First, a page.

By Ivo Dimitrov
Three fantastic years and you’re out. Everyone knows the deal from the moment they catch a first glimpse of College Hall. But what if there’s a way to cheat the system? Can you come back to this magical place? The Boomerang talked to alumni who did the impossible: they returned to UCU.
Katie Kirk, Anthropology professor and tutor, Class of 2002 ½, doesn’t shy away from revealing her UCU past. Looking over campus from her office in Newton, she recalls living in Locke, writing psychology essays, and debating with fellow students. “I met the two loves of my life here: my husband and Anthropology,” she says. “I was the girl who went running all the time. One day he asked me to run together. And here we are, ten years later.”
She admits to going through several phases here. Initially a studious shadow person, she then started to appreciate the social aspects of campus life more. “I might have even learned more outside of the classroom. You build a deep connection with a diverse group of friends. You will always share a common experience and a certain interest in the world. You stay close even after graduation.” says Kirk. The safe and comfortable environment of UCU was the reason she submitted her CV here years later, while working on her PhD.
The same sentiment is shared by Hinze Hogendoorn, who came back to teach after finishing his PhD in Cognitive Neuroscience. “Returning here was a logical choice. I have always appreciated the close relation between students and professors, and now that I teach, even more.” Like many students today, he came here in 2001 without a clear direction and soon found his passion. He describes himself as a diligent and hard-working student, reaffirming the image we UCU’ers radiate to others.
Sebastian Cassé, Class of 2003, remembers spending a lot of time at the bar, in typical UCU fashion. Nowadays he prefers his office in College Hall, where he works as an information manager for the college. While studying here, he never gave much thought about his academic goals. Instead, he focused on campus involvement, DJ-ing in the bar twice a week and setting up a film club. Later he continued his education in media and film studies, but ultimately got involved in UCU again through a friend. “The environment is fun and working here is very rewarding. I feel I make a difference in the students’ lives,” says Cassé. “I never wake up wishing this wasn’t my job.”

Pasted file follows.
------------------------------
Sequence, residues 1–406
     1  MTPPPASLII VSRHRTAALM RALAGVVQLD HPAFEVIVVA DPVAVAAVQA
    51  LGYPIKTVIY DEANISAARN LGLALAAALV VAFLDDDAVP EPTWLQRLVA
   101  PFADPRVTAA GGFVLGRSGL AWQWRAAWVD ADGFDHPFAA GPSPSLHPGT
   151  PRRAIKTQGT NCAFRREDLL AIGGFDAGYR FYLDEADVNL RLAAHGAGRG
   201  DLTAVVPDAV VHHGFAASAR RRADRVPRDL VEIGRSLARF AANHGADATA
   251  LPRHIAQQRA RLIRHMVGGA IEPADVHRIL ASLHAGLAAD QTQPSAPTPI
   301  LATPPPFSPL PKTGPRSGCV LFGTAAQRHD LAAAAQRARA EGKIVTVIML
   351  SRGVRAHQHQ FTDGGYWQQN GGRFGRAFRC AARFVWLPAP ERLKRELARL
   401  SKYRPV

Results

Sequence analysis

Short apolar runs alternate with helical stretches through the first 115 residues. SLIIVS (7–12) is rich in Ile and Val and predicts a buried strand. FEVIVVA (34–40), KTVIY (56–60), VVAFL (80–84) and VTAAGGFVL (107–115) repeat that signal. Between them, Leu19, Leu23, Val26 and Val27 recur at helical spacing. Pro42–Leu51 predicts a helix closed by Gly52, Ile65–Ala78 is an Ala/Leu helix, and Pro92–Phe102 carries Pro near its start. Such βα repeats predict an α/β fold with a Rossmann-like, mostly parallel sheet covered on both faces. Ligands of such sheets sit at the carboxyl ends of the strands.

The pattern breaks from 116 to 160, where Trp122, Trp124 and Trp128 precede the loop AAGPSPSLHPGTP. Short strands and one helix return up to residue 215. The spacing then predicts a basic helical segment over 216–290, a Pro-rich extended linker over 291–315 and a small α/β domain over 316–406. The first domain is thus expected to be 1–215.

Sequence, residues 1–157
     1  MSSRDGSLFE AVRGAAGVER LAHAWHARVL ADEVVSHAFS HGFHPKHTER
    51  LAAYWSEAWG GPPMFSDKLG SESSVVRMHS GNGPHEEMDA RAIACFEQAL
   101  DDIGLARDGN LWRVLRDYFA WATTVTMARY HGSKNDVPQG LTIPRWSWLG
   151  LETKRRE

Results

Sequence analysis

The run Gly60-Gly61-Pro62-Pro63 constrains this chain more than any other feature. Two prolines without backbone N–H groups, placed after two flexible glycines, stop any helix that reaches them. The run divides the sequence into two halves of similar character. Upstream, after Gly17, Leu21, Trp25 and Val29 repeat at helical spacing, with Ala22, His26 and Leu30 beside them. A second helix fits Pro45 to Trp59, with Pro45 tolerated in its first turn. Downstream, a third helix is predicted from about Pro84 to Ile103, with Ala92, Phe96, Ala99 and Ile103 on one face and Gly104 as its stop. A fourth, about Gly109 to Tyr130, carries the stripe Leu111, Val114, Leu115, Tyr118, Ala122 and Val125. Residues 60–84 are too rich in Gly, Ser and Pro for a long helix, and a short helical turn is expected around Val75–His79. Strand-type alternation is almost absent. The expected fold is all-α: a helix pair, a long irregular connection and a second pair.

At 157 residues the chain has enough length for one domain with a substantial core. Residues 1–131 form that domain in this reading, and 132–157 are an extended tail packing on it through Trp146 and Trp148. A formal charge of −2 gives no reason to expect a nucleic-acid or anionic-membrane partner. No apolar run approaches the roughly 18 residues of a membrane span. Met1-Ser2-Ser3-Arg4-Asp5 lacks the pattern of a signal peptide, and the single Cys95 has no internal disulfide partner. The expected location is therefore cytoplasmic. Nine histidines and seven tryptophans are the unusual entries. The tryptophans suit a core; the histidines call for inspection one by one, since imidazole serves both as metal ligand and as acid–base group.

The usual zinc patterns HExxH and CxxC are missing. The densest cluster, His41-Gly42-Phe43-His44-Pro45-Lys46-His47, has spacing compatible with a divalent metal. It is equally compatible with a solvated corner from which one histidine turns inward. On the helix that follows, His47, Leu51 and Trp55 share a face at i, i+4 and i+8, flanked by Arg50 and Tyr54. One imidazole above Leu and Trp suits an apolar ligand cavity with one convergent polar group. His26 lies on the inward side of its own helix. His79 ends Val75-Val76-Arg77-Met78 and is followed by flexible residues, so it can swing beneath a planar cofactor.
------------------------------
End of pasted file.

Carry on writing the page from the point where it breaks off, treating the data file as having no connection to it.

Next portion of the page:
But have the college and its students changed over the years? Cassé seems to think so. Ten years ago, coming here was a risk, as no one could estimate the value of the diploma. Now that UCU has built a reputation, the choice is much safer. “Students used to be quite alternative, now they are much more focused. B+ is just not good enough anymore.” Kirk agrees on the pioneering and entrepreneurial spirit in her time. Nowadays she sees a much bigger investment in the community. “There was nothing when I came here – not even the bar.”
UCU continues to affect the alumni’s lives and they all recognize the value of this experience. “The most important thing that I learned on campus is respect for and understanding of difference, and I hope that we impart that on students in our classes as well,” says Annemarie van Geel, who graduated in 2003. She went on to become a Middle East specialist and has been teaching a class on the Arab-Israeli conflict for the past five years. Kirk describes her UCU time as profound and very formative, but stresses that it is different for everyone. “The lack of anonymity and the amount of pressure are the downside of living in a close community. But for me it was exactly the right place. I thrived here.”
In the end, even the second round of UCU has an expiration date, especially in the case of Kirk. In January, she will start working at the Vrije Universiteit Amsterdam to research Indian immigration. She feels this is the only way to continue developing and broadening her knowledge. And just like her, all of us will have to find the courage to leave at some point (or get kicked out). No matter how much we feel connected to this place, you know there will be a time to move on and leave forever. Unless you come back to teach.